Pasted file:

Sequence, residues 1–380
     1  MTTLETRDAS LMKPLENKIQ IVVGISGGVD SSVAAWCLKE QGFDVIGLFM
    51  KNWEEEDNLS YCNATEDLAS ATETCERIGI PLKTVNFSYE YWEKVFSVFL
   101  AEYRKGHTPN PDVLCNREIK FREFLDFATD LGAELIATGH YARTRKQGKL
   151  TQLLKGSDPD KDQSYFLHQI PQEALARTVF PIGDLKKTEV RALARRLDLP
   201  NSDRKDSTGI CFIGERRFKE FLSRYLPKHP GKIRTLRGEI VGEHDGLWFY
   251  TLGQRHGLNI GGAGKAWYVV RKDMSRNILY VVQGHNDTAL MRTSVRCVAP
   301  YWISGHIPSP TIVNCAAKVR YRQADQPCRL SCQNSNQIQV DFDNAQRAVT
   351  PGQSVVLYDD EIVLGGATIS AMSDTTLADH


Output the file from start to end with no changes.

Sequence, residues 1–380
     1  MTTLETRDAS LMKPLENKIQ IVVGISGGVD SSVAAWCLKE QGFDVIGLFM
    51  KNWEEEDNLS YCNATEDLAS ATETCERIGI PLKTVNFSYE YWEKVFSVFL
   101  AEYRKGHTPN PDVLCNREIK FREFLDFATD LGAELIATGH YARTRKQGKL
   151  TQLLKGSDPD KDQSYFLHQI PQEALARTVF PIGDLKKTEV RALARRLDLP
   201  NSDRKDSTGI CFIGERRFKE FLSRYLPKHP GKIRTLRGEI VGEHDGLWFY
   251  TLGQRHGLNI GGAGKAWYVV RKDMSRNILY VVQGHNDTAL MRTSVRCVAP
   301  YWISGHIPSP TIVNCAAKVR YRQADQPCRL SCQNSNQIQV DFDNAQRAVT
   351  PGQSVVLYDD EIVLGGATIS AMSDTTLADH